ABOUT THE COMPANY
When Noah Glanville returned in 2003 from a tour of duty in Iraq, he recalls the greeting he and his unit received from a group of veterans who were hosting a barbecue to welcome the returning troops home. He specifically remembers the smell of charcoal briquets wafting in the breeze as the food was prepared. “Older veterans greeted us with a barbecue, and I remember the smell of Kingsford, hot dogs and hamburgers,” Glanville says. “It’s a good, familiar smell, and I knew that I was finally home.”
Glanville was a Navy corpsman attached to a Marine Corp unit. He later spent time in Iraq and Afghanistan as a member of an American security services company. Time spent overseas took its toll. Upon returning, Glanville suffered from posttraumatic stress disorder (PTSD). “PTSD is something a lot of guys don’t want to talk about,” Glanville says. He decided to cope with the after effects of his military experiences by starting his own company and putting his time and energy towards something he enjoyed. That was the genesis for the Pit Barrel Cooker Company. Today, barbecue and smoked cooking are Glanville’s livelihood.
In 2010, he and his wife, Amber, started the Pit Barrel Cooker Company, and the company has gone on to become a huge success. “We’re extremely passionate about this business and our customers are just as passionate,” he says. “The Pit Barrel Cooker is unique because it combines the best qualities of smokers, slow cookers and grills into a single product,“ Glanville says. He adds that while barrel cooking is nothing new, never before has a cooker been brought to the mass market in a form that is both affordable and extremely easy to use. The meat-hanging method eliminates all the guesswork and has shocked many, including industry experts.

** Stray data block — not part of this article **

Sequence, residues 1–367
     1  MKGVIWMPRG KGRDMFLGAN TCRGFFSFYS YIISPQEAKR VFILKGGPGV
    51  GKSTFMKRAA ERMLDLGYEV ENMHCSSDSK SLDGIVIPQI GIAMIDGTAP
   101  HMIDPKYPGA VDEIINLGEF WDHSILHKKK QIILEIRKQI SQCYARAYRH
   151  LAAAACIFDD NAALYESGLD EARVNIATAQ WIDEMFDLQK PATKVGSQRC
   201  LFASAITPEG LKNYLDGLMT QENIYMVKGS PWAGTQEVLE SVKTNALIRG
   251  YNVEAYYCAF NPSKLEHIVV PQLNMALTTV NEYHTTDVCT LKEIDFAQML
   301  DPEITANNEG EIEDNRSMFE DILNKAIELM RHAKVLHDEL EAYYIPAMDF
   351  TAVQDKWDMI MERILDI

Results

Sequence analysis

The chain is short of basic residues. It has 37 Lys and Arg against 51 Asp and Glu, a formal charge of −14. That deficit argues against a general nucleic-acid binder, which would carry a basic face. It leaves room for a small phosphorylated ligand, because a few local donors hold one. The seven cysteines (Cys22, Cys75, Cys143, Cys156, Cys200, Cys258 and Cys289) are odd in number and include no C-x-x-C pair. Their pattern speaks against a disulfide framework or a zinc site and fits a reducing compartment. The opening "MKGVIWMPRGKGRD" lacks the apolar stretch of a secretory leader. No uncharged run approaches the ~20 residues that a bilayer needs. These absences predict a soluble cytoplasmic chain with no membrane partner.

The road from Glanville’s departure from the military to the launch of his company was a long one. He knew he wanted to follow his entrepreneurial spirit but understood that there would be obstacles to starting a company. For example, after many deployments and holidays spent overseas in Iraq and Afghanistan saving every dollar he could, Glanville was still concerned he wouldn’t be able to fund the startup. He and his wife spent all of their savings and exhausted their credit to bankroll the company. “There are a lot of start up costs and a ton of risk to starting a business from scratch. We knew we had a special product on our hands that would turn the BBQ industry upside down over time. With faith, hard work and people we could trust along the way, we knew we could follow our hearts and make our passion a reality,” he says. Product development was another challenge. Glanville created 29 prototypes of the cooker over a one-year period before developing one he believed was ready for market. Glanville continually adjusted the airflow and charcoal basket until he was satisfied. “We worked with different types and sizes of drums,” he recalls. “We wanted to get this thing right.”
Based on the rave reviews from customers and critics, there’s little question they did just that.
Today Pit Barrel Cooker Co. remains a family-run business, now headquartered in Prospect, KY.
Read the featured article in April 2016’s Global Trade magazine, detailing the challenges faced and lessons learned by Pit Barrel Cooker Co. Founder Noah Glanville and four other veterans in the export business.